Spies In the Classroom: The Government Is Running a Secretive Intelligence Recruitment Program in Schools
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Back in the early 1990s when the National Security Education Program (NSEP) was first introduced it was widely condemned by professional associations like the Middle East Studies Association and the African Studies Association, Latin American Studies Association for blurring the lines between independent scholarship raised by NSEP’s its requirements that program participants later seek employment in governmental agencies. But with the depressed economy, plummeting endowment funds at universities and foundations, the difficult academic job market, and scarce academic funding sources, I fear that professional associations’ reactions against these developments will be muted. As pilot programs, PRISP and the Intelligence Community Scholars Programs made scarce funds available to students, as traditional non-payback funding programs were being cut. Programs like PRISP that seek to tie young scholars to agencies like CIA early in their career as a means of bringing new ideas and skills to these agencies will fail in meeting the claimed goal of getting these agencies to think in new ways because such ties to institutional culture early in student-agent careers will increase the influence of agency cultural groupthink while diminishing the impact of academic culture. If the Obama administration really wants to improve governmental agencies’ knowledge of and approaches to the world, they need to increase funding to a broad range of educational funding programs that do not encumber or limit the range of knowledge in the ways that programs like PRISP do.
This move to establish PRISP as a permanent budgetary item is the sort of program that likely will speed through congress -- which can then claim it is both supporting education funding, and military and intelligence sectors, with a bonus feel-good work-ethic mandate thrown-in by requiring students to payback their funds through required future governmental service. But this push will be done without an outside assessment of PRISP as pilot program. PRISP needs an independent assessment of what it has accomplished -- including an assessment of the impact of the predatory penalties facing former PRISP students who come to realize that they do not wish to fulfill their commitments to work for these agencies upon graduation. Because of the lack of transparency surrounding PRISP, we have little idea what is really going on with the program. Last year I was able to identify one social science recipient of PRISP funds who explained to me that PRISP had been such a failure in finding social scientists to fund that PRISP had sought out this person and provided them with funds for work that was already underway just to spend-down the PRISP budget. Given these recent difficulties with the program, I wonder if the current expansion of PRISP is a supply-side effort to troll the pool of increasingly underfunded and debt-carrying desperate young scholars with few other funding options.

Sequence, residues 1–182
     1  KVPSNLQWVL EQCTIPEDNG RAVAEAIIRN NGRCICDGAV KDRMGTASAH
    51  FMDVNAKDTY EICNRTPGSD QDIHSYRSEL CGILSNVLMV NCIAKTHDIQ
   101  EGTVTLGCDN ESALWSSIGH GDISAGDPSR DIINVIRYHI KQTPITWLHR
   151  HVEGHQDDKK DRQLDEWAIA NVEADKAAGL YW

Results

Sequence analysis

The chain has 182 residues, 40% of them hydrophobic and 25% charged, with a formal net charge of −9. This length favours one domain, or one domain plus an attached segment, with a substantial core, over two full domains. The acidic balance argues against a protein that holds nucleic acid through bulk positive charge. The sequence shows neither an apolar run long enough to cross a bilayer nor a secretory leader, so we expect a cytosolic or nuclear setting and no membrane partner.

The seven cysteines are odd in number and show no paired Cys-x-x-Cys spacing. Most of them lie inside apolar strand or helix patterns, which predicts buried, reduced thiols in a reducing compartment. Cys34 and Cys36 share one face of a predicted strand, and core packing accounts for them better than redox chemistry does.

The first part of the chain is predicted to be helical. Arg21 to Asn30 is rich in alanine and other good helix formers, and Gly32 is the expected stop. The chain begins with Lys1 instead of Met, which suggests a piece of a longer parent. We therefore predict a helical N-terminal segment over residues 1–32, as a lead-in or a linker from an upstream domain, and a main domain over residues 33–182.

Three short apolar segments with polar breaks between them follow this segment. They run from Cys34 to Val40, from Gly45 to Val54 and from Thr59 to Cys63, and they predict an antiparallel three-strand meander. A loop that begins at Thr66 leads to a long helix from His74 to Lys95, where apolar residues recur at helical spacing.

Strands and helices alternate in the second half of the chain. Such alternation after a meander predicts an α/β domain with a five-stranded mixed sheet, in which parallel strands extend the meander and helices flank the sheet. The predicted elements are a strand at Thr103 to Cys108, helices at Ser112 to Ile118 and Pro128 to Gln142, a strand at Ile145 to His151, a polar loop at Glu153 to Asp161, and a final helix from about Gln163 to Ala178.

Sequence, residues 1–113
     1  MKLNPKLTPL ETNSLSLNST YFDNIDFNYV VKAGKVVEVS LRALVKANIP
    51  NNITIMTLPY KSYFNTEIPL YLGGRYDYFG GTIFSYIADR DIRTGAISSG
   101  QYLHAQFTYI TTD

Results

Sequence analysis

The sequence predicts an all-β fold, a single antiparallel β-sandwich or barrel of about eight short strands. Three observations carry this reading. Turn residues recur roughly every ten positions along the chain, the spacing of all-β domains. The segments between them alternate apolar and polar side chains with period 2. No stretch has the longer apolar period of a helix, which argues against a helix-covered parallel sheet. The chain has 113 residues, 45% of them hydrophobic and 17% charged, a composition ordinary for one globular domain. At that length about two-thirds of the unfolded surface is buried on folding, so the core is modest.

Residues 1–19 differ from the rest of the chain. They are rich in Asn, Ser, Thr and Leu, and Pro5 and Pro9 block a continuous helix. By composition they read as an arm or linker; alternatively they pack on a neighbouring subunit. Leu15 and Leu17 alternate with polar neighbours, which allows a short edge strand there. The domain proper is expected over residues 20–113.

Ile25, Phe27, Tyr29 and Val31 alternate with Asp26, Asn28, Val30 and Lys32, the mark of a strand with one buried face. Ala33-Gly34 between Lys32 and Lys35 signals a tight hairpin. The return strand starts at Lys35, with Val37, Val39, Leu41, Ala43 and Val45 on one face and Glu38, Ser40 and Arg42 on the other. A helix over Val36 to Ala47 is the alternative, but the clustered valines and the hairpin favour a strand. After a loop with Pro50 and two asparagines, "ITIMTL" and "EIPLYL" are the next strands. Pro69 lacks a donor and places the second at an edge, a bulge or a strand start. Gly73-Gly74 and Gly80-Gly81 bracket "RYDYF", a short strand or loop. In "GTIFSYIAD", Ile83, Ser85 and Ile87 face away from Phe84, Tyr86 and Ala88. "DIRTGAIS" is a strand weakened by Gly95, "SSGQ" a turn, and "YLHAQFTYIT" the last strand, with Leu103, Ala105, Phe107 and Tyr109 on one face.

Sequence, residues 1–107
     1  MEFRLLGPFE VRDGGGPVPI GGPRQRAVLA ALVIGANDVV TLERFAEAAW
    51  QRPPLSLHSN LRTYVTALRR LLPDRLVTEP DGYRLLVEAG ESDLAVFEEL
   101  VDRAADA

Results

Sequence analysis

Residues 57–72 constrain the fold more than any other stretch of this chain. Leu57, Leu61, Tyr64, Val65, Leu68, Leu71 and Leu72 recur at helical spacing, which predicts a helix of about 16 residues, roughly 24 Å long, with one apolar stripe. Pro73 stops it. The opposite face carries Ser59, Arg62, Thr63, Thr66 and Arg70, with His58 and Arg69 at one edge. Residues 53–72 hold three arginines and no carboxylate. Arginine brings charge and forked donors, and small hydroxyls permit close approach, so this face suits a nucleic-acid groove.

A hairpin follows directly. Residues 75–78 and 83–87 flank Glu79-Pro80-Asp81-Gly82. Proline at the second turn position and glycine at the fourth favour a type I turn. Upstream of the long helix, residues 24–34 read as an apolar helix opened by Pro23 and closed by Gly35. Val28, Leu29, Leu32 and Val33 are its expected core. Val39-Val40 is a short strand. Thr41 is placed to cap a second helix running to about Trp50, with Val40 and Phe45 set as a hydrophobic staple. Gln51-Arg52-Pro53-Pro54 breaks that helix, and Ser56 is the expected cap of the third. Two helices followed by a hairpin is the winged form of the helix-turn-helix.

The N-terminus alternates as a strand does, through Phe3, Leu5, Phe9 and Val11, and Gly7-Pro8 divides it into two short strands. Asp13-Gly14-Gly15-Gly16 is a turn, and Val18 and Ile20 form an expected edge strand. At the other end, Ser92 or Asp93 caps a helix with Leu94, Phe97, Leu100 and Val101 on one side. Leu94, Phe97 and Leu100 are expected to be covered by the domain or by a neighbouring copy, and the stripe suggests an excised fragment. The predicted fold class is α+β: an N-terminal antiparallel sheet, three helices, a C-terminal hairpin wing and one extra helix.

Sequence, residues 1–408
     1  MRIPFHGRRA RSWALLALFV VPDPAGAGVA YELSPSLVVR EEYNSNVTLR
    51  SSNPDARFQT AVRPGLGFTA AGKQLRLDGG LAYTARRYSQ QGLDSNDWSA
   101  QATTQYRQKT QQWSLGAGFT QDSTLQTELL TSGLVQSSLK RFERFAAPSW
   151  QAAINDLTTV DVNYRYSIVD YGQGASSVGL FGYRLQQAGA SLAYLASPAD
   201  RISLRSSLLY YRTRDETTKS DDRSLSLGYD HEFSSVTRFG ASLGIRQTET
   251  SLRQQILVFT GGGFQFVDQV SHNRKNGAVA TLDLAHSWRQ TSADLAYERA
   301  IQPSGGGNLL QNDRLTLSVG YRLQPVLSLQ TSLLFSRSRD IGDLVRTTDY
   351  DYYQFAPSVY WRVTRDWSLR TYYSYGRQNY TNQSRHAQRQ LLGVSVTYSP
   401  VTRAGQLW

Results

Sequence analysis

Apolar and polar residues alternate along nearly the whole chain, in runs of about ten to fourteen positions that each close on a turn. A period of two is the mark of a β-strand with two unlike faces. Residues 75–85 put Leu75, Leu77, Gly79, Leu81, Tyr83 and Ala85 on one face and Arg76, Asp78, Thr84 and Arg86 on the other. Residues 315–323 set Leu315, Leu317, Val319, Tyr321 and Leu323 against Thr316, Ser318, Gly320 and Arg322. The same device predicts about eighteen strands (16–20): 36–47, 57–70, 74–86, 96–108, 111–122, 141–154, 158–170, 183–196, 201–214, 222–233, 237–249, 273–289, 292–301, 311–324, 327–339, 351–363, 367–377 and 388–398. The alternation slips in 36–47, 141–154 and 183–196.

Professional associations like the American Association of University Professors, the American Psychological Association and the American Anthropological Association need to speak out in opposition of the permanent establishment of PRISP. PRISP risks further blurring already hazy borders marking proper independent academic roles, and it stands to confuse academic identities in ways that many will not even realize. Some of these processes are reminiscent of a recurrent motif in Philip K. Dick’s stories where protagonists becomes unclear of their own agency and identity; becoming unsure of their own histories and memories, or true political alliances -- in effect becoming undercover agents with identities unknown even to themselves. As this new generation of programs covertly brings undeclared and unidentifiable students into our universities they disrupt university identities and transforms the roles all who teach, research, study and work there in ways that they will not necessarily understand -- as institutions of higher learning further lose their independence and become unwitting agents of state intelligence functions.